What does the pawn shop symbol mean?
As legend has it, the pawn symbol, which is three spheres suspended from a bar, traces back to the Medici family – a prominent family in Florence, Italy in the 15th century known for loaning and banking. The Medici family crest features the symbol of the three balls, because a member of the Medici family was supposedly working for Emperor Charles the Great and killed a giant with three bags of rocks.
The Medicis were so well known as a finance family that other lenders and people in the finance business adopted similar coats of arms featuring the three golden balls. Gradually, the three balls came to signify the financial profession.
Another story goes this way – Saint Nicolas, the patron saint of pawnbrokers, gave three bags of coins to the three daughters of a poor man so that they could marry. The three balls in the symbol represent the three bags of coins.
Whatever the exact origin, the symbol has staying power. It is a trademark of the industry, featured in numerous logos, including the logo of the National Pawnbrokers Association–the industry’s premier trade association. Also, the symbol is featured in pawn shops all over the world.
Pawn Facts & Figures
Nationwide, there are approximately 11,000 pawn stores, most of which are family-owned small businesses. They employ approximately 35,000 individuals and contribute $3 billion to the US economy. [Source: US Census Bureau 2018 NAICS Code 522298] For 3,000 years, people have relied on pawn to meet short-term financial needs. The earliest records of pawn show it has roots in China. Pawn has been regulated by state since 1892.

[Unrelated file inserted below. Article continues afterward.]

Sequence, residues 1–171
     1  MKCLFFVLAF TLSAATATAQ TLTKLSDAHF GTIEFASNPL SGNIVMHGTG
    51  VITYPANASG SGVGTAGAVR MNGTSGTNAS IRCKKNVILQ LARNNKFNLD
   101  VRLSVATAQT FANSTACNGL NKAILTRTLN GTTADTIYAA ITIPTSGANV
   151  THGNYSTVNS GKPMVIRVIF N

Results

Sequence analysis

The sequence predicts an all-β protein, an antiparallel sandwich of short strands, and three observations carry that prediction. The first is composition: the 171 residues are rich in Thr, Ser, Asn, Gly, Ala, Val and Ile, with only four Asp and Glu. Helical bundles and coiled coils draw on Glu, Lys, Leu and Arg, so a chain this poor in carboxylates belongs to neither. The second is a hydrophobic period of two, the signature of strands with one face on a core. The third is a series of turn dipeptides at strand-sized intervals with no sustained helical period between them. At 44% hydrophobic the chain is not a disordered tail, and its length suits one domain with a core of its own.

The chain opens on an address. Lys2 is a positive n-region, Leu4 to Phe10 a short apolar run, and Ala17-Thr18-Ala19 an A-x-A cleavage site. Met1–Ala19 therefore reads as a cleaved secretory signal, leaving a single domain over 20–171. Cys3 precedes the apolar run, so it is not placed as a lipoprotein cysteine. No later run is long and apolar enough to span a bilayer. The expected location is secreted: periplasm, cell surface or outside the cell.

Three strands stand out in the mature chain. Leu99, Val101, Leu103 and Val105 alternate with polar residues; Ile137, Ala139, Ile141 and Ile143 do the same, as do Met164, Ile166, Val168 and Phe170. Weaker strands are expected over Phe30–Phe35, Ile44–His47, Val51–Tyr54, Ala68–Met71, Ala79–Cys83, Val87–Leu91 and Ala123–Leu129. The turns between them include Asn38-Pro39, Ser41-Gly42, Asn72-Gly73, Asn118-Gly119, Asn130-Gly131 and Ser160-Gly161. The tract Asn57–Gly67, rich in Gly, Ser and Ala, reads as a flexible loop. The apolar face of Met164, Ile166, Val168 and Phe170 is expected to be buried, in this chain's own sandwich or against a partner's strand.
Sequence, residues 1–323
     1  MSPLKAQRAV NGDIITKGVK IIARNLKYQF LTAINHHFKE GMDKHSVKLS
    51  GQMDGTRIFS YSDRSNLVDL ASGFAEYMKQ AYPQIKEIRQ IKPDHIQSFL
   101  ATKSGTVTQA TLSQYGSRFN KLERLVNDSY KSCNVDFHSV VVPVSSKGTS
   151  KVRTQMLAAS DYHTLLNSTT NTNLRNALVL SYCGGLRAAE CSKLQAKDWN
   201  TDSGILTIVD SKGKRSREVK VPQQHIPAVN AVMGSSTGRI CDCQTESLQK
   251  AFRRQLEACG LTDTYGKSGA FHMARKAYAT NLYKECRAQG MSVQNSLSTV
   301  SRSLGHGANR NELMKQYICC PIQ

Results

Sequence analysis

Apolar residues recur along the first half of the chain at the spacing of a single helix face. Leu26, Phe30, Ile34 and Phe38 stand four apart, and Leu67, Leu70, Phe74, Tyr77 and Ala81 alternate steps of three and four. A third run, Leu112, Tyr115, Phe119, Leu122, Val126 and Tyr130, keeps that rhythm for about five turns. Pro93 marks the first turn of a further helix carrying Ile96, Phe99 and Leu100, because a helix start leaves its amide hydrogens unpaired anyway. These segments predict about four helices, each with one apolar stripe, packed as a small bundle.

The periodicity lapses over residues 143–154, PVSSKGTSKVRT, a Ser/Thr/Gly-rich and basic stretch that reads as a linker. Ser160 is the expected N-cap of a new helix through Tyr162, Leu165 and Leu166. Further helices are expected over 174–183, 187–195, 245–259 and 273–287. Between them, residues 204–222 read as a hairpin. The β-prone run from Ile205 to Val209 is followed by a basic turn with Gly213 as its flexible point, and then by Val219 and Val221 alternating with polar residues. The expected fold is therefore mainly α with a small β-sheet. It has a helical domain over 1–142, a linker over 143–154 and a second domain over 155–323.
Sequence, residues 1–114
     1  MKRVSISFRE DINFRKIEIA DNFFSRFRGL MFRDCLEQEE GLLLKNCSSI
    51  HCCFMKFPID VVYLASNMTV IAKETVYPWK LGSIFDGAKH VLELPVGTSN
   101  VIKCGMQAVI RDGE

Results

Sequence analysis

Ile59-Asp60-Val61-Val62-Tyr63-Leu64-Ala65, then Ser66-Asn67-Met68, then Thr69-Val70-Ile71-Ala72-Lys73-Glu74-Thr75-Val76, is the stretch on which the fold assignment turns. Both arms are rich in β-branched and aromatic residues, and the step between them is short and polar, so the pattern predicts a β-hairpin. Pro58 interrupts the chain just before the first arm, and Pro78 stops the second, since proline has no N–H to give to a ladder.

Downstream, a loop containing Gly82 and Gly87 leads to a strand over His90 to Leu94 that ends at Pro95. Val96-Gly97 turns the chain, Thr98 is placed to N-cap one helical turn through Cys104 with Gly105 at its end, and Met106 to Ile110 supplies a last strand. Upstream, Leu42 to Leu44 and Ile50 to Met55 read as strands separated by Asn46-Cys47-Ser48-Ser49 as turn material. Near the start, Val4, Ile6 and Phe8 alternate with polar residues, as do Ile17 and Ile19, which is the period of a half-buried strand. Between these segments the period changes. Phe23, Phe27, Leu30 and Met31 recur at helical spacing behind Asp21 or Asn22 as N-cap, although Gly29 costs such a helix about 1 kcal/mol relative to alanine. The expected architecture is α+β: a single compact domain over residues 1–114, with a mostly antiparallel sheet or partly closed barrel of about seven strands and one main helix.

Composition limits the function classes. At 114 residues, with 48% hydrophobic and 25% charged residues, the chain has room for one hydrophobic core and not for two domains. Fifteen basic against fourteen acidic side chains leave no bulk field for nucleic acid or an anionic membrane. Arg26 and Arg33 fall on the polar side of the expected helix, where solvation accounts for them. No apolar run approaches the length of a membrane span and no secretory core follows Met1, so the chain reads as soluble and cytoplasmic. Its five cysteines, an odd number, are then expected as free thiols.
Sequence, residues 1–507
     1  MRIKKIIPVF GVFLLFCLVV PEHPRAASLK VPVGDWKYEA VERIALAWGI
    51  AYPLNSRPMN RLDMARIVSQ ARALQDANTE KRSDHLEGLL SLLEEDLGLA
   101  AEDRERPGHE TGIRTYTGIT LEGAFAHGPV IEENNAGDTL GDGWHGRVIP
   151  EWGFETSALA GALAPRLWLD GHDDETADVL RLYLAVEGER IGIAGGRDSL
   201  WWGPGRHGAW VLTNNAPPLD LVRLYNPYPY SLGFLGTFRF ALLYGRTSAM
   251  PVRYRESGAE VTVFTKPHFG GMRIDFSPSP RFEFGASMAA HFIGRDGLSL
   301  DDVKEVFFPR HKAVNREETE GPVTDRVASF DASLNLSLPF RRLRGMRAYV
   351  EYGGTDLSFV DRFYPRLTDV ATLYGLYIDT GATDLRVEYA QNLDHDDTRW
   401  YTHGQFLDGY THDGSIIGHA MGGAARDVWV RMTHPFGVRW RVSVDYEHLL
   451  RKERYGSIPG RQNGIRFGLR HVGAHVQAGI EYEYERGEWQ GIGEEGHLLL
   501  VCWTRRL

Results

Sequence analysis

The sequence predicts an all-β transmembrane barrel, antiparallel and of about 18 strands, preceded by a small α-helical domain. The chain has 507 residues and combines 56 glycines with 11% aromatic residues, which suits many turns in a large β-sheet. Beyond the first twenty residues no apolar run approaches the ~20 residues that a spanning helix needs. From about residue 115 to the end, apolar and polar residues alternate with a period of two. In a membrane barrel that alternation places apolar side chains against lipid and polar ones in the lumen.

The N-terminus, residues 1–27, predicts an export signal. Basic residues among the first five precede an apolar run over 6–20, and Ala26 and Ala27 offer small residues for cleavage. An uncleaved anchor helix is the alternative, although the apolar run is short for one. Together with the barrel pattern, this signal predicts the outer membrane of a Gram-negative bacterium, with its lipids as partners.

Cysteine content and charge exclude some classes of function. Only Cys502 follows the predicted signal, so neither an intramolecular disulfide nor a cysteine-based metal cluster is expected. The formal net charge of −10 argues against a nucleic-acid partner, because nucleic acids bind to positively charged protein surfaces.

Present day nationwide, pawnbrokers must comply with 14 federal statutes and regulations. Pawn customers represent the working families of America who may experience an unexpected need for short-term funds. Pawn transactions keep the electricity on, the rent paid, and cars running by providing a safety-net to over 30 million unbanked or underbanked Americans annually.
Today, the average pawn customer does not have access to traditional banking lines of credit, nor will traditional banking provide such small loans. Pawn transactions average less than $180 nationwide and pawnbrokers make thousands of loans daily for less than $50. Pawn customers need short-term, non-recourse access to cash not based on their credit or income level. Instead, pawn transaction amounts are based upon personal property they already own. Pawn consumers borrow against personal assets in a manner similar to others borrowing against real estate, stock or insurance policies.
The Consumer Financial Protection Bureau states in a 2017 report that pawns do not harm consumers, are not confusing, and do not put consumers in a cycle of debt.